There are many scenarios that will play our in your dog’s life where he or she will be introduced to other dogs. Some may be potentially permanent, as in the introduction of a new dog to your household. Most other situations involve play dates, day care, kennels where dogs co-mingle, fostering dogs, or dog parks. All have the potential to be very fun, but many pose real threats if the dogs do not get along. Best to know ways to increase your odds of a happy event. And equally important, how to recognize when things are not going well, and when to safely get out of the situation before it escalates.
Behaviorists have studied dog body language, as that is the only way we have of interpreting their communication. Much of this may be instinctual on your end, but sometimes it is not. I urge you to read the blog, as you may gain some insight into what your dog, and others, are trying to tell you, and each other.
Meet other dogs in a neutral area and start out by taking parallel walks.
Have one handler per dog, and begin walking with moderate distance between the two dogs.
Gradually get closer, if there is interest expressed by both dogs. Sometimes, if a fence separates the dogs initially, that can be another way for them to see and sniff each other without forced contact.
Keep loose leashes on the dogs. As they get closer to each other, allow them time to sniff surroundings, and then each other.
Indoor setting: physically separate dogs at first
Similar to fencing, indoor baby gates or pens can help dogs acclimate to each other’s sight and smell. This is a safe way to leave dogs unattended at first, but still keep an eye on them to see if they are interested in getting to know each other further.
So they seem interested in playing and getting to know each other, what next?
Now is the time to introduce them, on loose leashes at first. The time necessary will vary with the individual dogs and their level of interest or anxiety. Dogs that are socialized, when young, are often, but not always, better at meeting new dogs. You know your dog best, so think about the situation you are putting him into beforehand.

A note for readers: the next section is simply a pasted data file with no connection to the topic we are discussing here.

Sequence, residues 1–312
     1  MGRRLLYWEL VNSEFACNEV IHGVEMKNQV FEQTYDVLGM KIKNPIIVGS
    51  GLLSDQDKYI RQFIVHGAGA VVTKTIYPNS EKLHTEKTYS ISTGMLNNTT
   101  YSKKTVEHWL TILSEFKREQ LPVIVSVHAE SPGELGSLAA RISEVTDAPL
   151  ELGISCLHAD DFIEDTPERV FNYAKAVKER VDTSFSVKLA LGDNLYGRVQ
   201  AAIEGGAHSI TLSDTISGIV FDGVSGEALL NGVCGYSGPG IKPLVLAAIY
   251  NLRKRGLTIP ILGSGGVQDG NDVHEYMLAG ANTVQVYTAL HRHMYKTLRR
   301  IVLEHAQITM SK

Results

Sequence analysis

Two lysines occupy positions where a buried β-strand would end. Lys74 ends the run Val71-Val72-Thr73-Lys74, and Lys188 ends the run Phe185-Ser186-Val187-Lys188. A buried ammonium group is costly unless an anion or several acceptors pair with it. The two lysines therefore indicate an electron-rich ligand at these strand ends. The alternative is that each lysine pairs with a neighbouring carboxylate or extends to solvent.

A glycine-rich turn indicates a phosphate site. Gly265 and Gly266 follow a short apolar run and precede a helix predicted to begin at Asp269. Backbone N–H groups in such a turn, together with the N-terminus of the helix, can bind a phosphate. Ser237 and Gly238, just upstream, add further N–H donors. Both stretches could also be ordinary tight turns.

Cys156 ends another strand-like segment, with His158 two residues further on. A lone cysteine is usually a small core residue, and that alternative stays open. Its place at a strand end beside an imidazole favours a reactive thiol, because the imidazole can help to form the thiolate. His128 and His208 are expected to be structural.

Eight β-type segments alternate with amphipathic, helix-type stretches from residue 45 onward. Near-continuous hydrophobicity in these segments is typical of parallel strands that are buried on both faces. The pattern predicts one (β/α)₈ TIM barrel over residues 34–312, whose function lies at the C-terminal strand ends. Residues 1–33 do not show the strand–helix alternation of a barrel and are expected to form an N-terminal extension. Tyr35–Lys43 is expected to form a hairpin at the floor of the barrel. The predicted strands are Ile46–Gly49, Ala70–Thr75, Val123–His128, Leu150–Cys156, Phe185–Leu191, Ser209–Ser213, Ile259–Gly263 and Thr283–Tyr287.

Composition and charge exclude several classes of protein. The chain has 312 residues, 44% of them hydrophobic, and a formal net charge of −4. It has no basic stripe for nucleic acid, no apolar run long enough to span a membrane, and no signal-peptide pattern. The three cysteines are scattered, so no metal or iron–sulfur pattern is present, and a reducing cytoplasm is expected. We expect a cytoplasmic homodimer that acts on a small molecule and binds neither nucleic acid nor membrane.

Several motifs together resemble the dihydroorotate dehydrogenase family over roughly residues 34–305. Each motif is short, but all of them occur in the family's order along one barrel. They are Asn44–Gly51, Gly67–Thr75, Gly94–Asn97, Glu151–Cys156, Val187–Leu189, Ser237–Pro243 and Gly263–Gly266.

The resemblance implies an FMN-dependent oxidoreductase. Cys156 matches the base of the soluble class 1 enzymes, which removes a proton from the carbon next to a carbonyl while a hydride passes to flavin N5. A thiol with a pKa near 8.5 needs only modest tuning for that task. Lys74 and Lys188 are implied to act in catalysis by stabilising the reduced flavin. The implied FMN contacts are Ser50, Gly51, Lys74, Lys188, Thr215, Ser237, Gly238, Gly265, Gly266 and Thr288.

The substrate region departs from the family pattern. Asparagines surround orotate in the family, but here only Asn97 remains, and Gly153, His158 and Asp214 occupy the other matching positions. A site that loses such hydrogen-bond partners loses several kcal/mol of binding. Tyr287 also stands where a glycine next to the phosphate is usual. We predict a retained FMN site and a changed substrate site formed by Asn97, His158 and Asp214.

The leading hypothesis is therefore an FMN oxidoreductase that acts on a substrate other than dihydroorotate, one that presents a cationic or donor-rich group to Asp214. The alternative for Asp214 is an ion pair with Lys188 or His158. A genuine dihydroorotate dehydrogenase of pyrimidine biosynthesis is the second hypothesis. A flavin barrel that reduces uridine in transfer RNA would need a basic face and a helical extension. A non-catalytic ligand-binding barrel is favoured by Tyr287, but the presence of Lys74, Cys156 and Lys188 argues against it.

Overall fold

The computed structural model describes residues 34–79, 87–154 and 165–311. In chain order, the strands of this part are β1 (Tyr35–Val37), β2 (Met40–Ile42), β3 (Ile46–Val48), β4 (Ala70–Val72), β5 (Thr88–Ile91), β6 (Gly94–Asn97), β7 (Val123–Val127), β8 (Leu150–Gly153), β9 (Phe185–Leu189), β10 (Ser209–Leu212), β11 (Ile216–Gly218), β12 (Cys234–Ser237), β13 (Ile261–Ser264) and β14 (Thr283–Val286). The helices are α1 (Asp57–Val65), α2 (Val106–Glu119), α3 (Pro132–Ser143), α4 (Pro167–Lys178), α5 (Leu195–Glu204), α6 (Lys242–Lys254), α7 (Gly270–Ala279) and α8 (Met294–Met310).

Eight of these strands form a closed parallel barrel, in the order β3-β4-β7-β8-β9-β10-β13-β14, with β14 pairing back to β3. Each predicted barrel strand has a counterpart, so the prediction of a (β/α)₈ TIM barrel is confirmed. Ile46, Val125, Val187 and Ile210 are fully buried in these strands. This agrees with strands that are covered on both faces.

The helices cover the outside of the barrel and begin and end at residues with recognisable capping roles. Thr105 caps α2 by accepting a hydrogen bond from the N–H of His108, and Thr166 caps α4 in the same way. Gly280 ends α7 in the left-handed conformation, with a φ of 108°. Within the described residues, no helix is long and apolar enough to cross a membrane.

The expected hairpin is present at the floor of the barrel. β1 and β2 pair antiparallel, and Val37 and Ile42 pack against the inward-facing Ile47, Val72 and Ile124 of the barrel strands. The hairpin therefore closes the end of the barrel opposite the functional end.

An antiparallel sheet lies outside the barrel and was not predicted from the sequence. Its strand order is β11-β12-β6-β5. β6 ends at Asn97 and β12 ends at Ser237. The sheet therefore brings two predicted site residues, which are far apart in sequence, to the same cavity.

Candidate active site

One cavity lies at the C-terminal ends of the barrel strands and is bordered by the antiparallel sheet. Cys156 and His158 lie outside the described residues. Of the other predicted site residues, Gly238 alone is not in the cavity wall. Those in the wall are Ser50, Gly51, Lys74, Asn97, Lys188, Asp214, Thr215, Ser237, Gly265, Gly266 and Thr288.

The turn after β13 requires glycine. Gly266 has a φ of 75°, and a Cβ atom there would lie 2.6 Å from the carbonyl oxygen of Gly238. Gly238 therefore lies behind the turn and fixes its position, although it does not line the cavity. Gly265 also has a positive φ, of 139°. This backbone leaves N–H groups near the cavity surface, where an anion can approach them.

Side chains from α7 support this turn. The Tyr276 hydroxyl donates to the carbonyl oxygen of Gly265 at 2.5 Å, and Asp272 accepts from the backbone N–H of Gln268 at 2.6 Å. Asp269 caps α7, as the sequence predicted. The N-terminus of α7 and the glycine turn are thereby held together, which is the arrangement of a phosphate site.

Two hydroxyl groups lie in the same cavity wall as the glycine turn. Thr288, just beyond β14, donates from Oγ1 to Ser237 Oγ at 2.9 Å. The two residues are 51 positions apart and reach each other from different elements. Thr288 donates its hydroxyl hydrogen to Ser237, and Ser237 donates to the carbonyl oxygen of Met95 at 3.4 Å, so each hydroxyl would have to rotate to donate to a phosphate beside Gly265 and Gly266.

How to tell whether they are playing or fighting
It isn’t always easy to tell the difference between two dogs playing or fighting. Most fights are non-damaging, and those that are serious are obvious. This is intended to help recognize the not so obvious interactions. First start by recognizing body language of a happy dog.
Let’s PLAY! Signs of happy, non-threatened or non-aggressive dogs.
body loose and wiggly
Tail medium to low
long, sweeping wag
play biting, flea biting (grooming)
paws lift, ears back
brief pauses in movements
bouncing body movements
CAUTION/ Not happy! Signs of trouble; aggression between dogs.
hackles are up (hair standing on end along back)
stiff body (instead of loose and wiggly)
repeated mounting attempts
“hard eye”, and averted gaze
ears stay forward
escape and avoidance behaviors, hiding
one dog is continually chasing another with no role reversal
head or tail remain high and stiff
If you’re not sure whether both dogs are having fun, try leading the more excited dog away, and see if the other dog follows playfully.
What to do in a fight:
-prioritize your own safety. It is best for you and the dogs.
-pick up dog
-put your body between the dogs
– put your hand near dog’s mouth
Remove yourself and your dog from the situation as soon as you are able.
This info and more details, including pictures and video links are on the ASPCA website.
Check it out for those details, and webinars, if you are interested.